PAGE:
Beach Cruise overcomes a thunderous start

Soggy weekend kept Peach City Beach Cruise entrants busy as they did battle with the elements

Dale Purcha rings out a chamois as battled Saturday to keep rain off his 1969 Dodge Coronet

Dale Purcha rings out a chamois as battled Saturday to keep rain off his 1969 Dodge Coronet

Car buff Lindsay Mandryk had just finished dinner Friday night when the skies over Penticton opened up and threatened his baby: a 1932 Ford Highboy roadster hotrod.

He sprinted the few hundred metres from the Lakeside Resort to his car on Lakeshore Drive, only to find it filling up with water.

“We tried to put a cover on it, but the wind was blowing too hard,” Mandryk recounted on Saturday, thanking two young men who jumped in to help them with the cover.

“That act was very typical of Pentictonites and support of the show,” said Mandryk in an email.

Soon after, he and others moved their rides to the resort’s parkade and hoped for the best.

So began the 2012 Peach City Beach Cruise.

Mandryk, who lives in Saanichton, B.C., was one of 725 people who registered a ride in the 12th edition of the event. And he wasn’t put off by stormy start to the event, which only left his open-top car with some wet carpet.

“That’s part of owning a roadster,” he said.

Rain didn’t pose a threat to the fully enclosed interior of Hinton gearhead Dale Purcha’s prized possession, a 1969 Dodge Coronet. It did, however, force him to spend most of Saturday wiping off the car with a chamois while waiting for judges to come around.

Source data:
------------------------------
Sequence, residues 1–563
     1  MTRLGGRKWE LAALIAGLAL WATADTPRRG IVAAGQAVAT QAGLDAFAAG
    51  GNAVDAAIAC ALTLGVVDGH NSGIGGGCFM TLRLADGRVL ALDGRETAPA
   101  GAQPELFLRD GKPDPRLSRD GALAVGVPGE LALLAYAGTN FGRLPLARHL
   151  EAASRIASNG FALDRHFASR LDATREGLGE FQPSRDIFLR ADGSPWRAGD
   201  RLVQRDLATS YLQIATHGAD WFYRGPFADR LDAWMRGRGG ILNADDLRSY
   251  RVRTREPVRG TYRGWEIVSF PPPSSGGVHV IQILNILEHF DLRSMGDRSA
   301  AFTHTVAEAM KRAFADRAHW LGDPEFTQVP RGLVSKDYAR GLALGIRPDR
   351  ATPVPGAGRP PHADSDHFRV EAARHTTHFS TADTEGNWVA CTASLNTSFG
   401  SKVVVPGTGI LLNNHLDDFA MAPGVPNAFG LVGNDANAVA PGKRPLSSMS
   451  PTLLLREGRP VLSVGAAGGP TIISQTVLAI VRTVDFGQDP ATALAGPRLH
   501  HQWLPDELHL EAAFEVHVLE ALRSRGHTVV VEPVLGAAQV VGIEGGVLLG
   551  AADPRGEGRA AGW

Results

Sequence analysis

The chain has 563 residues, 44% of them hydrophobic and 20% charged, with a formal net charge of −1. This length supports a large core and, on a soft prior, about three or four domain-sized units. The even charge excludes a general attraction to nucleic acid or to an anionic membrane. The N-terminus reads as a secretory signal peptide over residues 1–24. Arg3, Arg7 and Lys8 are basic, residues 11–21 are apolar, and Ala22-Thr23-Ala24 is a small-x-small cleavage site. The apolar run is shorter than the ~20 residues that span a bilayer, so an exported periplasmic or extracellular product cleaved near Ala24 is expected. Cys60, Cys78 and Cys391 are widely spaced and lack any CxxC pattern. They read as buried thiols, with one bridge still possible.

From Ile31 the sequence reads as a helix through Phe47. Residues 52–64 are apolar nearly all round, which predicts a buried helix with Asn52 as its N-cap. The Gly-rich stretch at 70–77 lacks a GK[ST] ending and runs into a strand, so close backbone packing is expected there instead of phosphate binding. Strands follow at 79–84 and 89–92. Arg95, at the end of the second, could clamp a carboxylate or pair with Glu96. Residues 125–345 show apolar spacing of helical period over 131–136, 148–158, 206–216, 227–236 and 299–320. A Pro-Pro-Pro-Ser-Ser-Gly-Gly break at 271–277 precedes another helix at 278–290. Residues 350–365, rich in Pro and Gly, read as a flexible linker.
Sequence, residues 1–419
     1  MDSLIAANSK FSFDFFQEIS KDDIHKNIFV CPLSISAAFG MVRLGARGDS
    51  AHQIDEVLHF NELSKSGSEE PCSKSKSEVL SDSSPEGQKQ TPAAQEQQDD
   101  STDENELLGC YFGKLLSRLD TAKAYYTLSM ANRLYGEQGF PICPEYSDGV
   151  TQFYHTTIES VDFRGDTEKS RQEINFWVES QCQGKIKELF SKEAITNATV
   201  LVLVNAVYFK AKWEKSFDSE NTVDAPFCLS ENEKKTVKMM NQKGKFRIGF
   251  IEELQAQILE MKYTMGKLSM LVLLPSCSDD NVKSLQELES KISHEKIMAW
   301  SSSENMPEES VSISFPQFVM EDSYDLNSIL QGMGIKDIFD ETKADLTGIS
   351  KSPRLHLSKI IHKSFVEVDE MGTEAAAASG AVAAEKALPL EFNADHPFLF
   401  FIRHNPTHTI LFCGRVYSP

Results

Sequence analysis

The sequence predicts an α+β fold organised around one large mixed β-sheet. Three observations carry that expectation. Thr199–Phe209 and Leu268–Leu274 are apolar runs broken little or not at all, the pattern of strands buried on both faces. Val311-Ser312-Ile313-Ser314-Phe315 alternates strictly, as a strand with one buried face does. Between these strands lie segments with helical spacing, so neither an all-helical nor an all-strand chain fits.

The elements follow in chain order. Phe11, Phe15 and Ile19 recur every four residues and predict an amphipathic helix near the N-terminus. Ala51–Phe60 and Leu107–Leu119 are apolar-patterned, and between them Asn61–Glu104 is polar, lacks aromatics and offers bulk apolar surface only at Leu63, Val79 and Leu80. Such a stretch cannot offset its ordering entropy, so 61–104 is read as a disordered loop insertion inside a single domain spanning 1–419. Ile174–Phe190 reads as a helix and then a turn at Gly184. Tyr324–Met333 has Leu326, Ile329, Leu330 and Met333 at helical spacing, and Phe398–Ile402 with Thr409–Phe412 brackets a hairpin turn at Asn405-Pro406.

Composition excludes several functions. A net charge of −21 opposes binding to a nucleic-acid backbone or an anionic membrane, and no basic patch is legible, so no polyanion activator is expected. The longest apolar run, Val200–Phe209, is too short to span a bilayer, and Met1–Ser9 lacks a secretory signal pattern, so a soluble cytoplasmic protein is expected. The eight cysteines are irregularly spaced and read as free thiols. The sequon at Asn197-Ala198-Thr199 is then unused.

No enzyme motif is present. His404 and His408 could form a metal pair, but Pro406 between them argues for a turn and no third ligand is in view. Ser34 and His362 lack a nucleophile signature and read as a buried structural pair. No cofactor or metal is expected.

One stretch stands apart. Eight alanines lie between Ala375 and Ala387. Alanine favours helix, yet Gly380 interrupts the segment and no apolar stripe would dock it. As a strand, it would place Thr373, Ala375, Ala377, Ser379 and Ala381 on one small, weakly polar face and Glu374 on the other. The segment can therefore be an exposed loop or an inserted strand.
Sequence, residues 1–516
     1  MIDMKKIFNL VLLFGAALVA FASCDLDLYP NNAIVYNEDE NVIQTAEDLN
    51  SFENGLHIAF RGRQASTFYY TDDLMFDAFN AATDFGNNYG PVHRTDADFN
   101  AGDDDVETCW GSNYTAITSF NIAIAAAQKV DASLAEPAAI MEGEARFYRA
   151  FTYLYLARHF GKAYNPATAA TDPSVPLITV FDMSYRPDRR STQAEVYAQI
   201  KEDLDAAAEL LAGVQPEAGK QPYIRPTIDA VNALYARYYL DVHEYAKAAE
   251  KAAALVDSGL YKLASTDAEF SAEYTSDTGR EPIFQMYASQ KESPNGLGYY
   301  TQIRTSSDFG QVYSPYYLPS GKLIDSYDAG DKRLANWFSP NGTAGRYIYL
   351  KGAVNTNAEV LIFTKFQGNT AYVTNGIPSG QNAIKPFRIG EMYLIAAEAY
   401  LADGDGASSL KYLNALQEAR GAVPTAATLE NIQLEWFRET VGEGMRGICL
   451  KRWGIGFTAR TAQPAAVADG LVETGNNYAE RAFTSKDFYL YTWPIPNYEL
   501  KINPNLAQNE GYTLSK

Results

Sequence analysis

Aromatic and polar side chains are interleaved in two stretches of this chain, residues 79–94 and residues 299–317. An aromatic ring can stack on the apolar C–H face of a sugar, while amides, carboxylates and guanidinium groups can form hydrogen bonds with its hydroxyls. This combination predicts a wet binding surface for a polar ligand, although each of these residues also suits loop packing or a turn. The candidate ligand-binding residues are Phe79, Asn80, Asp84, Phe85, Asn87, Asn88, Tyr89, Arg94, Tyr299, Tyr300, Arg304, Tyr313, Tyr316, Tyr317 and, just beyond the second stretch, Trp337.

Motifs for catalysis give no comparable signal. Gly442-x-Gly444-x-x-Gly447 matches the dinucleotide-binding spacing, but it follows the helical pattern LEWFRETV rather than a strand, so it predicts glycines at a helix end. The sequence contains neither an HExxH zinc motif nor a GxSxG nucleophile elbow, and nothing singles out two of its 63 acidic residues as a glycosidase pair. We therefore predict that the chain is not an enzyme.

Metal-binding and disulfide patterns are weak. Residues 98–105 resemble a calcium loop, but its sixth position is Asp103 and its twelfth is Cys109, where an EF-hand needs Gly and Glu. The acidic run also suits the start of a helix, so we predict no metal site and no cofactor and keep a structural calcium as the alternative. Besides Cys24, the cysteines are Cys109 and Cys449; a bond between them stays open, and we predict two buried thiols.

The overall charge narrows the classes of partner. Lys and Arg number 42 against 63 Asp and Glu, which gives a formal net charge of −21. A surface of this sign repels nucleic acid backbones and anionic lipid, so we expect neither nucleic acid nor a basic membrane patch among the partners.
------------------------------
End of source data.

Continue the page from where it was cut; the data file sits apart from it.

“If (water) starts drying up (on the paint), you’re going to end up with a bunch of spots,” Purcha said, “so you’ve got to keep it dried off.”

The Hinton, Alta. resident has owned the Coronet for 10 years and was drawn to the car by its lack of friends.

“You don’t see them every day,” Purcha said. “There was not a whole bunch made and they’re kind of a rare car.”

This year marked the third time he gently loaded the Coronet into a trailer and towed it west for the cruise, a testament to how much he and other gearheads enjoy it.

But Purcha hopes it doesn’t become too much more popular: “It’s getting to the point where they’re running out of room.”

Popularity was the least of organizers’ worries this weekend, with persistent rain and clouds marking the weekend. However, Ron Muzzillo, president of the Beach Cruise, said the weather did little to dampen people’s spirits.

“In spite of the weather, which wasn’t in our favour, we pulled it off,” he said. “People came out regardless, it was amazing. They were undeterred. Even Sunday morning when it was raining, they were sitting out there in Gyro Park with umbrellas for the awards ceremony.”

Muzzillo pointed out that on Saturday, he and another organizer walked the length of the street, warning car owners of possible hail that could damage their cars and advising them to put on their car covers.

“They all said thank you very much and nobody moved,” he said. “I guess they would have pulled them out if they saw some weather coming, but nope. ‘We’re here for the Beach Cruise.’”

Muzzillo thanked all the volunteers, supporters, longtime performers and the City of Penticton for their continued support, as well as Ken Paton, one of the founders of the cruise who passed away last year.

Some of the winners of this year’s show were: Matrin Storos of Camrose, Alta., who won the Mayor’s Choice Motorcycle and People’s Choice Motorcycle for his 2005 U Bilt Pro Street. Larry Siebert of Abbotsford B.C. took the Mayor’s Choice Car with his 1969 Chevrolet Camaro, and Ken Jansen of Abbotsford was awarded the People’s Choice Car for his 1968 Plymouth GTX.

 

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